In a rock, at the western extremity of the parish, exactly on the north side of the bridge of Cortachie, a very coarse kind of marble is found, in small veins. Not far from this, in the parish of Cortachie, is a rock, the stones found in which, from the description given of them, seem to resemble quartz. They have somewhat the appearance of gold, most probably in consequence of metallic impregnation; whence the rock itself is called the Golden Craig. The parish of Tannadice abounds with free-stone and moor-stone. The large stones found in the field in detached pieces, are here generally called outliers, to distinguish them from those found in beds. There is also abundance of the stone vulgarly called scurdie, the same which is commonly known by the name of whin in the western parts of Scotland, and used for paving streets. A bed of this kind of stone is said to extend to this parish, from the Milntown of Mather, a place in the county of Kincardine, between Montrose and John's-haven. Slate, of the grey kind, is found in the Glen of Ogil.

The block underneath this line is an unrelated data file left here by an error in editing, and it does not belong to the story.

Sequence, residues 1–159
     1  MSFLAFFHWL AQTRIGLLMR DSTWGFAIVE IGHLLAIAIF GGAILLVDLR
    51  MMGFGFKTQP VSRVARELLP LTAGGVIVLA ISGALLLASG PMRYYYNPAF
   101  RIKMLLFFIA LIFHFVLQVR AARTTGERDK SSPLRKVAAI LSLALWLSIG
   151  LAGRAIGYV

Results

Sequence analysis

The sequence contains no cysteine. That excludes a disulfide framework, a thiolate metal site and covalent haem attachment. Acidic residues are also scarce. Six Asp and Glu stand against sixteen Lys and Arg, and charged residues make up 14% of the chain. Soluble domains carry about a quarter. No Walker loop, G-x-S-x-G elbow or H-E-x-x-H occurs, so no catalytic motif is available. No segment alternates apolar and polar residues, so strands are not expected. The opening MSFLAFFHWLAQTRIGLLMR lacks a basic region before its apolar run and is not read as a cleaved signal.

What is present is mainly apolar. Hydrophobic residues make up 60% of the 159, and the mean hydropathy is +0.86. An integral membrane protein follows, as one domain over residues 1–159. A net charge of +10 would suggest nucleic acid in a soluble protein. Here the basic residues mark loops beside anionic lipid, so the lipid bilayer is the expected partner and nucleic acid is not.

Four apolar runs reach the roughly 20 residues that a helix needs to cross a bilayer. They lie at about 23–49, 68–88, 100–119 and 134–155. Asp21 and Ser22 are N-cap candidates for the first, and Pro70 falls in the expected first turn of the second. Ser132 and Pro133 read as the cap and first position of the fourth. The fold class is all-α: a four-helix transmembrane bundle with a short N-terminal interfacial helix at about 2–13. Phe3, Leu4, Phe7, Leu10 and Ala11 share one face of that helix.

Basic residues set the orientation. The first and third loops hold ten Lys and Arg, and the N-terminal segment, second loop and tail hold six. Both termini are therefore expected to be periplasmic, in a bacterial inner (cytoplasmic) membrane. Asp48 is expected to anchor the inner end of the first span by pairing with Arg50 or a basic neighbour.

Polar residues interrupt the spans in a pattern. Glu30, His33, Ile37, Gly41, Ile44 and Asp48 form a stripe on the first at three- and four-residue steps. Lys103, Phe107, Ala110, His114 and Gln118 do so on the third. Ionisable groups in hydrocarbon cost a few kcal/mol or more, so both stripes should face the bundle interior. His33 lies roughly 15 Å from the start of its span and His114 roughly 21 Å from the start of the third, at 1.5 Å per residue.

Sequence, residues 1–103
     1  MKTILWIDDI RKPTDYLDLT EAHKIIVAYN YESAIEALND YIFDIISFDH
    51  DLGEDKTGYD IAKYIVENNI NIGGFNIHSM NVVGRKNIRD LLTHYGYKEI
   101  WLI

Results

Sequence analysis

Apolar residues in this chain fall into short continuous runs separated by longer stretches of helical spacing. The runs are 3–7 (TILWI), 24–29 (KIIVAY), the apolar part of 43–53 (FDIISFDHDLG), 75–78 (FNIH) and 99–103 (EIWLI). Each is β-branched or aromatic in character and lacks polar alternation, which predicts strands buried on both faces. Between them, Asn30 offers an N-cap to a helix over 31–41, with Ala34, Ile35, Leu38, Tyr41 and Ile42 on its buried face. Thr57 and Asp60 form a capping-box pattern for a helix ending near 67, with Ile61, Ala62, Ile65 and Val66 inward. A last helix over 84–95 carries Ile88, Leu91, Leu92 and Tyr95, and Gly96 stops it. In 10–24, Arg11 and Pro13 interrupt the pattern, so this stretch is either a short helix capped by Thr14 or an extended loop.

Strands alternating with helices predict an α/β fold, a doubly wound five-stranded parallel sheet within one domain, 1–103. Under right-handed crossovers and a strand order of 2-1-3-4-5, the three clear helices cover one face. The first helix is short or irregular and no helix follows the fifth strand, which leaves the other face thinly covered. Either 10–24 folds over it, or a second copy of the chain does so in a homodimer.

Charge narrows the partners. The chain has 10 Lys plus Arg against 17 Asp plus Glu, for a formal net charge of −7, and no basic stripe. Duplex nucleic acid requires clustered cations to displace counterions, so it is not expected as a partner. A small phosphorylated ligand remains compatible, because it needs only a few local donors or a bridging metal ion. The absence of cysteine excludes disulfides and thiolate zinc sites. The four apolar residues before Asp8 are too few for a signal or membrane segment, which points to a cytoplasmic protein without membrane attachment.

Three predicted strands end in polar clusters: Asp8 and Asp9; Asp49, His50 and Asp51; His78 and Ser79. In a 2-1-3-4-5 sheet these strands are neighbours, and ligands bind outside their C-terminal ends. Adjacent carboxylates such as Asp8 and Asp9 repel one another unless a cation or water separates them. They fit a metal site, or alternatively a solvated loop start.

Inundations are not frequent here. About twenty years ago, however, all the houses in the farm-town of Justinghaugh were swept away by an inundation of the river Esk. Since that time a good deal of money has been expended in this quarter, in forming what are called heads, or angular banks of stone, for keeping off the water on the north side of the river.
This parish boasts of no remarkable quadrupeds. The land is infested with foxes, and the water with otters. Roes sometimes come down from the hills, and lodge in the woods; they are very common in the higher parts of the parish. There even the red deer abound. Besides partridge, grouse, the fieldfare, and other common birds, they have one called the oswald, or oswat, very much resembling a blackbird. This, I suppose, is what the English call the ousel, and describe as the very same with the blackbird. What is here called the oswald, however, passes for a different species. Various birds of passage make their appearance here, as wild geese, swallows, lapwings, woodcocks, dottrels, &c.
Many cattle are bred in this parish. They are of an ordinary size. An ox fully grown often weighs 40 or 50 stones.